When a major tenet of your theology is that people who invest in your church will experience wealth, while the facts show that your congregants are among the poorest and most desperate in the country, you have just been exposed. Further, when the national economy is in shambles, it should be criminal to continue to avoid taxes as a charity, yet earn immense amounts of capital on the promise of a better future. In the business world we call it a scam.
So why are we silent while this happens in every neighborhood in America?
Another concern raised by the Pew poll is the average profile of the victim. As Pentecostals tend to be the least well-educated group of believers they make a prime target for would-be millionaire pastors. In many ways, I am as green with jealousy as these prosperity preachers are with greed, in that the scammed believers have more faith in their little finger than I will probably ever know in my lifetime. They would give the shirt off their backs if they believed God wanted them to, and many of them have. These people have the purest of Christian hearts, trusting the intentions of their Shepherd as they’re led as lambs to the slaughter.
Imagine that there was a brand of theology in which people were taught that God has promised to give followers an additional arm, right from the center of their chest. Let’s say it taught that scripture had everywhere indicated that this was the case, and that by believing this “fuller” version of the gospel, you were opening up the as-of-yet closed off area of blessings that Christians have forgotten about (i.e. growing another appendage to better do God’s work).
Let’s imagine that after about 50 years the movement has spread worldwide, with followers numbering in the millions, and you look to see how many of these folks have in fact grown that “arm of the Lord.” Upon inspection you find that the vast majority of them have lost an arm, leaving them worse off and less able to serve than even those old two-armed folk. The irony would be overwhelming.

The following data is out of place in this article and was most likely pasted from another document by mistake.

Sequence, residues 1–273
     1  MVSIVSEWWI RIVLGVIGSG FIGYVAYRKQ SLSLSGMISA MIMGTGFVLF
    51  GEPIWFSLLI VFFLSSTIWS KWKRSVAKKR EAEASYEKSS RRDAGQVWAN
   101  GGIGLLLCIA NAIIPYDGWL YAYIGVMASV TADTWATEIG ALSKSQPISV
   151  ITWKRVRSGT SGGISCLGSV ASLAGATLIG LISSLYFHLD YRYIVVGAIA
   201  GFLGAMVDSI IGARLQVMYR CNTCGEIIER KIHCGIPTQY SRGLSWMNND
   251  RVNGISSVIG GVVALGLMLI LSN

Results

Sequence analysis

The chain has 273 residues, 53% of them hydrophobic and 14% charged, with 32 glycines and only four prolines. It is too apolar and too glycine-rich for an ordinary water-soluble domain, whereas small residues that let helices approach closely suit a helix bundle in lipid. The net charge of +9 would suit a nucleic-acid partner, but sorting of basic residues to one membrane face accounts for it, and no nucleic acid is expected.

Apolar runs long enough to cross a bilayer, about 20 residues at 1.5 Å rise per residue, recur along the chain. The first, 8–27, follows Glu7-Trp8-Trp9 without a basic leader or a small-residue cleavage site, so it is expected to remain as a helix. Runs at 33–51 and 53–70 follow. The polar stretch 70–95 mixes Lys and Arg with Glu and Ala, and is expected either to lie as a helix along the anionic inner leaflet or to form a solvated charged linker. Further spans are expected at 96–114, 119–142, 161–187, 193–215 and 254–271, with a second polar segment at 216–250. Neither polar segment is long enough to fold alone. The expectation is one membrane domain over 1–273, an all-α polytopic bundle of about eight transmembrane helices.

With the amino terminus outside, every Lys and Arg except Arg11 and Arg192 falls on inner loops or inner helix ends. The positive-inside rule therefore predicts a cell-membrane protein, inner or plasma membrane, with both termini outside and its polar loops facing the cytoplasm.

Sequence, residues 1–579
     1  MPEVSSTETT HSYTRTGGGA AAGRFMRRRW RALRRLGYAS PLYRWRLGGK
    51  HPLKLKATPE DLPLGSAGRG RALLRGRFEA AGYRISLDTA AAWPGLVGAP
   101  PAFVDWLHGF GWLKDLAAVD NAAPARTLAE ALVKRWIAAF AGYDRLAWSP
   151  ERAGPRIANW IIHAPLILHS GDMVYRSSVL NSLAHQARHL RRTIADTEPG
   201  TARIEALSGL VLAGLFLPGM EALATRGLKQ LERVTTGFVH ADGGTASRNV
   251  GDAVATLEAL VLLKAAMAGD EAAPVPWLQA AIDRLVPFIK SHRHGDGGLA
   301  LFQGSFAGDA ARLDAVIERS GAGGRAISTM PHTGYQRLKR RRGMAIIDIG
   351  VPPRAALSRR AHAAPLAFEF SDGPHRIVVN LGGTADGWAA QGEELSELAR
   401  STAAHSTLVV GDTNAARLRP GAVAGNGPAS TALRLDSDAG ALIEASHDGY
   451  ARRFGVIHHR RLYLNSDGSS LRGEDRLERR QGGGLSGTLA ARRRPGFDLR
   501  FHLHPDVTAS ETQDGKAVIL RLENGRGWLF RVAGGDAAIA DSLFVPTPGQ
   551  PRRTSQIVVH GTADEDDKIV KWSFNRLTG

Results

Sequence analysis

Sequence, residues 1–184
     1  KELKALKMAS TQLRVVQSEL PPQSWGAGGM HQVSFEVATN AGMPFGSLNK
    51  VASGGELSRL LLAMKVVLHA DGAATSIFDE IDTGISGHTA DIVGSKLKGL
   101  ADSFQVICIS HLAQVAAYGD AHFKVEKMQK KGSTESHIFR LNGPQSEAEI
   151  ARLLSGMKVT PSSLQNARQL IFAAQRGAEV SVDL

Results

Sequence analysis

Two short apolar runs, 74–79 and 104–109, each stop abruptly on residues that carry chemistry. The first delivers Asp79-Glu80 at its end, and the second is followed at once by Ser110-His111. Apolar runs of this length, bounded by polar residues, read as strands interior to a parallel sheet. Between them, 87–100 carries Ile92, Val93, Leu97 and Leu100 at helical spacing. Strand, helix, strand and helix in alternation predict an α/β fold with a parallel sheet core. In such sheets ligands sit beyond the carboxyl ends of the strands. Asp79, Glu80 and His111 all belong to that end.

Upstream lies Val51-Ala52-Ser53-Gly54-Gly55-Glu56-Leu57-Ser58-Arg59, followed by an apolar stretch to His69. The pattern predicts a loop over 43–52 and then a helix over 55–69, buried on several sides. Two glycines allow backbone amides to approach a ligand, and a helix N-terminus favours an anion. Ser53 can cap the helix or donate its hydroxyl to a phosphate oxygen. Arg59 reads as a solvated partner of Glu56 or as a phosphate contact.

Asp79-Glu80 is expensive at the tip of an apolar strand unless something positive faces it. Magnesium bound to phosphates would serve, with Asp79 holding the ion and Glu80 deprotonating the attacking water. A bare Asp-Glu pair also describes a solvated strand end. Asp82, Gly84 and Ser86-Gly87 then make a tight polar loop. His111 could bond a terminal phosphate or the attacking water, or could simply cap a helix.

Despite the statistics, and the continued empirical evidence of devastated human lives (Pentecostals also have the most divorces), few if any Christians have plainly spoken against the Prosperity Gospel, or raised awareness that measures any merit. While high-level corruption and financial disarray are the soup du jour of recent weeks’ media cycles, this prominent and aberrant theology has been allowed to wreak destruction on a mass of people who are grasping at economic straws.
Prosperity Gospel theology is bankrupt. The debate raged for years about how much sense coveting money made in the context of biblical principles, but now the fruit has been borne and the numbers don’t lie: those who attend Prosperity Gospel churches are in fact worse off for it.
Pen Itent is a private school teacher of theology and philosophy in the American Southwest. He holds a BA in Religion, and is currently completing a Masters of Divinity and a Masters of Religion. He pastors in a small church plant, and leads an Emergent Village Cohort. This article appeared at Religion Dispatches.
Sponsored by the
|About Organize Theology Church Philosophy Ethics Politics Planning Society Economy Creation Peace Preach Media TheoEd Contact Home Subscribe||